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How do you convert a string such as "01110100011001010111001101110100" to a byte array then used File.WriteAllBytes such that the exact binary string is the binary of the file. In this case it would be the the text "test".

1

5 Answers 5

48

In case you don't have this LINQ fetish, so common lately, you can try the normal way

string input ....
int numOfBytes = input.Length / 8;
byte[] bytes = new byte[numOfBytes];
for(int i = 0; i < numOfBytes; ++i)
{
    bytes[i] = Convert.ToByte(input.Substring(8 * i, 8), 2);
}
File.WriteAllBytes(fileName, bytes);

LINQ is great but there must be some limits.

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  • 5
    This assumes that the string length is a multiple of 8... But you're right, it is probably easier to understand that way. I guess I'm totally addicted to LINQ ;) Aug 8, 2010 at 23:30
  • 2
    Hmm. I'd argue that the LINQ is more understandable. It describes concisely what is being done without describing the (noisy) steps to acheive that goal. It has a much higher content to noise ratio.
    – spender
    Aug 9, 2010 at 0:04
  • 3
    @spender Sure LINQ is a nice tool for uses it was meant for, but for this simple and straightforward case? Come on, Thomas's code is longer, creates at least 4 enumerable objects, one intermediate array of strings, 5 delegates, and an anonymous reference type for every digit '0' or '1'. This is insane. Aug 9, 2010 at 17:48
  • 4
    if input.Length / 8 is not properly rounded, if the double value is 1.75, numOfBytes is 1. Beware of that!
    – Phate01
    Oct 22, 2015 at 13:00
12

You could start by splitting the string into a sequence of 8-character strings, then convert those strings to bytes, and eventually write the bytes to a file

string input = "01110100011001010111001101110100";
var bytesAsStrings =
    input.Select((c, i) => new { Char = c, Index = i })
         .GroupBy(x => x.Index / 8)
         .Select(g => new string(g.Select(x => x.Char).ToArray()));
byte[] bytes = bytesAsStrings.Select(s => Convert.ToByte(s, 2)).ToArray();
File.WriteAllBytes(fileName, bytes);

EDIT: here's another way to split the string into 8-character chunks, perhaps a bit simpler :

int nBytes = (int)Math.Ceiling(input.Length / 8m);
var bytesAsStrings =
    Enumerable.Range(0, nBytes)
              .Select(i => input.Substring(8 * i, Math.Min(8, input.Length - 8 * i)));

If you know that the length of the string is a multiple of 8, you can make it even simpler :

int nBytes = input.Length / 8;
var bytesAsStrings =
    Enumerable.Range(0, nBytes)
              .Select(i => input.Substring(8 * i, 8));
1
  • Just bumped into this question. A nice toy problem... good for an interview. I thought I'd give it a shot before reading the answers. Matched your second approach virtually term for term. I too am addicted to LINQ! +1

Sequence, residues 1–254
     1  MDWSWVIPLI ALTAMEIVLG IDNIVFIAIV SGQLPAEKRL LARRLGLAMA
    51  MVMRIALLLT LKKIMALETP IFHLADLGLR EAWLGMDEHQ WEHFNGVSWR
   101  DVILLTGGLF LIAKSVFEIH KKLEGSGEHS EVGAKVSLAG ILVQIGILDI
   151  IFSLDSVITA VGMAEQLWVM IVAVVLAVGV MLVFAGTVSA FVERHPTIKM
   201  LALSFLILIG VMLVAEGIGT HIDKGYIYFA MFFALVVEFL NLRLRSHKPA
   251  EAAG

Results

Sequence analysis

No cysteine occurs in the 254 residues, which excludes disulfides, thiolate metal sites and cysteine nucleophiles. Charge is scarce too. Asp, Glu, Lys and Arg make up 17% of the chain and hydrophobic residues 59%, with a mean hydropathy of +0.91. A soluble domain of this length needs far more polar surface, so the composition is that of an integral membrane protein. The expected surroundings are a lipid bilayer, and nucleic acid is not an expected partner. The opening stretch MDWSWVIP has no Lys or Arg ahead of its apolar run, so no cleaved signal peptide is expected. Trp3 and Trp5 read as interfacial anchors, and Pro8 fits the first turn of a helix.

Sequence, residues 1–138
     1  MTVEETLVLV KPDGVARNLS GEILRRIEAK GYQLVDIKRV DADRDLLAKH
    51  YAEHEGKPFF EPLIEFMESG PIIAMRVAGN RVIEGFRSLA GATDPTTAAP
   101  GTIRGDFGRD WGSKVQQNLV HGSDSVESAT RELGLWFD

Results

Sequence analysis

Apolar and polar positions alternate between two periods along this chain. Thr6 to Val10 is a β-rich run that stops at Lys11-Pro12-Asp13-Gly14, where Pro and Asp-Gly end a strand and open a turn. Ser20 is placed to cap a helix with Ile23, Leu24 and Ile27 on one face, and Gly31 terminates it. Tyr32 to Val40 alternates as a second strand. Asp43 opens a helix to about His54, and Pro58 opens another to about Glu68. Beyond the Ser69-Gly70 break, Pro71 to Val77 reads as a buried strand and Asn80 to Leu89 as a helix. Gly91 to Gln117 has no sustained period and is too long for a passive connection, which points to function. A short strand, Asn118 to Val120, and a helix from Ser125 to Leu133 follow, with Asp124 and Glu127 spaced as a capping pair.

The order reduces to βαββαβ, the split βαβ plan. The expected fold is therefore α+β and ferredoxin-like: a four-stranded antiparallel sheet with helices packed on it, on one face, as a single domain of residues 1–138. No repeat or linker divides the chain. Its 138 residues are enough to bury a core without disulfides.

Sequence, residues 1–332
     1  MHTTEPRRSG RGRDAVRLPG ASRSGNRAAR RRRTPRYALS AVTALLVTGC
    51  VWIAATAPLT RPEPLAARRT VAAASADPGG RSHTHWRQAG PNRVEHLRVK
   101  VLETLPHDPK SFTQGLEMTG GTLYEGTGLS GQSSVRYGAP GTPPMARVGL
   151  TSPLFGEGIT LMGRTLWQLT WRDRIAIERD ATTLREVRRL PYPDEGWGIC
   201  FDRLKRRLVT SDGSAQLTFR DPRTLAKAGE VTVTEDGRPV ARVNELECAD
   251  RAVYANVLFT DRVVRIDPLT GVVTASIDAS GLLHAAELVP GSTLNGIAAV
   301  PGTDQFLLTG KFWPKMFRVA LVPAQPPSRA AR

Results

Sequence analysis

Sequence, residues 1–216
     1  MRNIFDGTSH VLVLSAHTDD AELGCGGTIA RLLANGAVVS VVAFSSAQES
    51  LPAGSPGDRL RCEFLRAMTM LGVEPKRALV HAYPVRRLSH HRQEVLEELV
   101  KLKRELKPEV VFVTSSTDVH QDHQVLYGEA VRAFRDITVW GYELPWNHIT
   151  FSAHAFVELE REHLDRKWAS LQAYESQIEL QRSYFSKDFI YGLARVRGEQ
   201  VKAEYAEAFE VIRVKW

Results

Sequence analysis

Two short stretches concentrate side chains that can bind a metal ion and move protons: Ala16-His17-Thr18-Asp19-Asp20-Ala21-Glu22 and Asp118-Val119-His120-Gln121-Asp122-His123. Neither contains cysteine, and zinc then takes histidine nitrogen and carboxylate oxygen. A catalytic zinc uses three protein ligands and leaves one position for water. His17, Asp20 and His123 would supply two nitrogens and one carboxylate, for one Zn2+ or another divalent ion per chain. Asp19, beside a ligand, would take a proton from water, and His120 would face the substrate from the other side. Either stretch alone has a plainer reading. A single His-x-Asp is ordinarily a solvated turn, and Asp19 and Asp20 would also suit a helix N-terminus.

– spender
    Aug 9, 2010 at 0:06
4

A bit late, but here's my 2 cents:

var binaryStr = "01110100011001010111001101110100";

var byteArray = Enumerable.Range(0, int.MaxValue/8)
                          .Select(i => i*8)
                          .TakeWhile(i => i < binaryStr.Length)
                          .Select(i => binaryStr.Substring(i, 8))
                          .Select(s => Convert.ToByte(s, 2))
                          .ToArray();
File.WriteAllBytes("C:\temp\test.txt", byteArray);
4

Actually the answer by @Maciej is not correct. As @Phate01 noticed the numOfBytes is correct only for input length which is a power of 8. The second thing is that the byte array should be populated from n to 0 index not the opposite way. Here's the code example:

var bits = "000011110000001000";
var numOfBytes = (int)Math.Ceiling(bits.Length / 8m);
var bytes = new byte[numOfBytes];
var chunkSize = 8;

for (int i = 1; i <= numOfBytes; i++)
{
    var startIndex = bits.Length - 8 * i;
    if (startIndex < 0)
    {
        chunkSize = 8 + startIndex;
        startIndex = 0;
    }
    bytes[numOfBytes - i] = Convert.ToByte(bits.Substring(startIndex, chunkSize), 2);
}

This can be improved to get rid of the if statetment but in this form it's more understandable.

1

The other answers have you covered, but just for fun I wrote the opposite. Going from the string to the ascii binary representation:

    private static string StringToAsciiBin(string s)
    {
        string output = "";
        foreach (char c in s.ToCharArray())
        {
            for (int i = 128; i >= 1; i /=2)
            {
                if (((int)c & i) > 0)
                {
                    output += "1";
                }
                else
                {
                    output += "0";
                }
            }
        }
        return output;
    }
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  • 2
    You would want to go from a byte array to the binary represenation. A char is a 16 bit data type, so you would chop off the top eight bits of each character code. Also, don't use += to build a string, it scales terribly badly, use a StringBuilder instead.
    – Guffa
    Aug 8, 2010 at 23:36
  • @Guffa Agreed on using StringBuilder, but if you have "01110100011001010111001101110100" as an input, sorry, that's a string, not a byte[], until you separate it out into blocks of 8.
    – vapcguy
    Apr 5, 2018 at 20:49

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